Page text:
If you don't know about "The Crown" you're in for a treat. If you have Netflix and haven't made it there yet, go! If you don't have Netflix, "The Crown" makes it worth subscribing.

It was reportedly the most expensive television production in English history and every penny shows up on the screen.  The acting is brilliant - and not just from the stars. Claire Foy as Elizabeth 2nd is, well, words fail. She's brilliant, as is the rest of cast (I have a soft spot for Eileen Atkins as the Queen's Grandma, Mary).  But not a footman or a sailor or man-in-crowd-12 is out of place. The production values are as stellar as the actors.

This TV series is so seductive that we come away feeling we know the Queen intimately. We don't, of course, but I can't help feeling that the producers and writers have captured something essential about her accurately, whatever artistic license may have been brought to bear.

I'll say that I don't think this second series has quite the interest of the first which is something to do with a falling off in world and personal events for the family in the late 1950s and early 1960s, when the series is set, and something to do with choices made by the writers and producers.

 The first three episodes, a full 30 percent of the series, focus on a five-month trip by Prince Philip to the far corners of the Commonwealth: a protracted sea-going stag party that tested the royal marriage to its limits, as per the producers. There are longueurs here that the first series never presented. The same is true of the Princess Margaret's dangerous liaison with the photographer Tony Armstrong-Jones, who became her husband and Lord Snowden. (A disaster in the making as we see at its making).  But these are my only cavils. The best episode is number 6 - which brings back some erstwhile hidden history of World War II and so Winston Churchill and the old King George and the tragic King Edward, of abdication-for-love fame. (Alex Jennings as the reduced former king, dressing for costume parties, taking birthday photos of his dog, playing bridge in exile, is brilliant).  The failed king is revealed to be not just self-regarding twit but an actual villain and the story gives Foy and Jennings and the writers a chance to present inner and outer turmoil beautifully.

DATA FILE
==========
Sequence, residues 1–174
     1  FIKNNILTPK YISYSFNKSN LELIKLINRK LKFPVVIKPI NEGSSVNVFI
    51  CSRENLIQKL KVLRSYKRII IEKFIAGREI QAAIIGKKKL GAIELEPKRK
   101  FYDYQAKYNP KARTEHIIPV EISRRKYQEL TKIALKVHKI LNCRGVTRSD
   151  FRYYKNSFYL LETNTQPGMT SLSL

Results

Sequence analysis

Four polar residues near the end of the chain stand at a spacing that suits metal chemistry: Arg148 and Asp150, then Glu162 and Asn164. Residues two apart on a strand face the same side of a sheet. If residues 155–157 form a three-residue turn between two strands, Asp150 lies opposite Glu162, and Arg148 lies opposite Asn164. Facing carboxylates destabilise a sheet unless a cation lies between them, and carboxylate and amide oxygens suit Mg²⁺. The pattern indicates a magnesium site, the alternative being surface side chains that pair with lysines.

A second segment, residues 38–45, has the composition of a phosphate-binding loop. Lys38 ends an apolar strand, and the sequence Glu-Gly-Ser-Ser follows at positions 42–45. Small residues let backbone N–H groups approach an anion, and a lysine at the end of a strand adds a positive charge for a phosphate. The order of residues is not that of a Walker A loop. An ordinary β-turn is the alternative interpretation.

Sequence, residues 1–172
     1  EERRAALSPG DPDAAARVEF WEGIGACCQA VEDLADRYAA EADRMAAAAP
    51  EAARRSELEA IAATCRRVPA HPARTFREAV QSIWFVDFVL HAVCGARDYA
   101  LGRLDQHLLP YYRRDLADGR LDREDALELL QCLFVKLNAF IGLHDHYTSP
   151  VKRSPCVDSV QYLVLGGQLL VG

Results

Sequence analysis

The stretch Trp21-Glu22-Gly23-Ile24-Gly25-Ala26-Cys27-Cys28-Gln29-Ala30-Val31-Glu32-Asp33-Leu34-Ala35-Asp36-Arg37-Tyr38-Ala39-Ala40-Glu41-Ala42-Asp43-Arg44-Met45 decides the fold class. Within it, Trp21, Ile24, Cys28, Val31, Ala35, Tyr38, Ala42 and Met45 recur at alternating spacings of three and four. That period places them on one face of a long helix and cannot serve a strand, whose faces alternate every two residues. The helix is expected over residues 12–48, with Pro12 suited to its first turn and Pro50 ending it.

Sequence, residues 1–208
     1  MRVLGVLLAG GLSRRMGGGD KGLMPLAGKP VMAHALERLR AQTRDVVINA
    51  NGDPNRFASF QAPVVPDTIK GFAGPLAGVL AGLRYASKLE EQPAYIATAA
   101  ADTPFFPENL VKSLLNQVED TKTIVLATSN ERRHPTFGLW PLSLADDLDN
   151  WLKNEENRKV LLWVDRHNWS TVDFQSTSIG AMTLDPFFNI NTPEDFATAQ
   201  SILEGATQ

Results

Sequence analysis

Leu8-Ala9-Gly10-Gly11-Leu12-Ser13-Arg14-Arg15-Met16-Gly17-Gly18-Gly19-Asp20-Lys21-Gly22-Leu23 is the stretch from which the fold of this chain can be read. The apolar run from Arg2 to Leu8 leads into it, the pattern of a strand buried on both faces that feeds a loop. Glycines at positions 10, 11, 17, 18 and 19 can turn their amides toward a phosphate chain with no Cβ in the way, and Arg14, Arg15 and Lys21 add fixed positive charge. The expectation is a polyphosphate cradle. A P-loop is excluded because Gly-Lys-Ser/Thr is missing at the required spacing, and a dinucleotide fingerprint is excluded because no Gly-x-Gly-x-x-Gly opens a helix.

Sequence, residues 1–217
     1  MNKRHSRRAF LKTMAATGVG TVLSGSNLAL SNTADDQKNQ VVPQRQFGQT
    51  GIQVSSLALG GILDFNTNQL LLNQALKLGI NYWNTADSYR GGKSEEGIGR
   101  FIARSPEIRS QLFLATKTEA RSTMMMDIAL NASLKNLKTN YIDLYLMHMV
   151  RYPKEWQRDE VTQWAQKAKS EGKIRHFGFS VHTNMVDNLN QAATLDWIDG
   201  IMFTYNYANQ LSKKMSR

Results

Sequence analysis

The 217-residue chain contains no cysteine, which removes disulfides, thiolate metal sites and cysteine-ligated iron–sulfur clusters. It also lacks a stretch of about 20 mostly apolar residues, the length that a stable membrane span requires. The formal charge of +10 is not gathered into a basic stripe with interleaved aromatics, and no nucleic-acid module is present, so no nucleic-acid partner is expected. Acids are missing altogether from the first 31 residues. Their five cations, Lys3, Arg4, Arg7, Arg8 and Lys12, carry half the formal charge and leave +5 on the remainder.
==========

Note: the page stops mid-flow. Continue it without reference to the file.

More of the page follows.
Episode six also dares to tread into Queen Elizabeth's religious faith. She was, if the series is to be believed, quite taken by the American evangelist Billy Graham who visited England at the time of her uncle's visit. I have long had the sense that the Queen has survived and managed and coped all these years because she is at her core a sincere religious believer. (Not much of an insight, I'll grant you but no one ever seems to come out and say this). There's a brilliant scene where the Queen is listening to the Rev. Graham preaching in the private chapel of the family. She is rapt. Philip and the Queen Mother look on, partly bemused, partly concerned.

If you want to read a proper review, The Atlantic has a good one. As for me, I'm off to church this Sunday morning... and then to find out just how the Profumo Affair ended.

IN OTHER NEWS

Since Christmas is coming, another e-book promotion is on the way for the US and the UK.  Watch this space.

I have also had some kind inquiries recently about a sequel to Up, Back, and Away.  The Muse dragged me off that broad highway months ago and into a strange corner where I have been writing a children's book inspired by images from the digital images collection of the New York Public Library.  Once that is out of my system, I'm hoping to get back to the sequel.

Wednesday, September 6, 2017

Thanks

If you bought a copy of the e-book during the sale last week. It's always fun to watch the book climb the charts.  I hope you'll like it. It's been great to hear from those who want a sequel. I want one too. I have a little project going that has morphed into a larger one and then, I hope, back to work on the sequel.  (I have the usual excuses - mostly it's down to having to go to a day job every day).  In the meantime the paperback giveaway is still happening on Goodreads for another week or so. If you want to get in with a chance have a click.  Thanks again.
What lies beyond? I went through this gate once and found a lovely place. A metaphor for life itself?

Tuesday, August 29, 2017

Summer Sale Time!

It's still summertime, and the living remains easy
The kids are back in school around here but Labor Day weekend is still ahead. So, I thought, why not discount the old e-book for this last week of summer?

In the UK if you can find 99 pence somewhere in your budget, you can have a lovely new Kindle book to read in your leisure hours.

In the US the deal is slightly better at 99 cents.  Just a click - and parting with less than the price of a bag of snack size chips which wouldn't be good for you anyway.

The deal is counting down and ends Sept. 4, along with summer.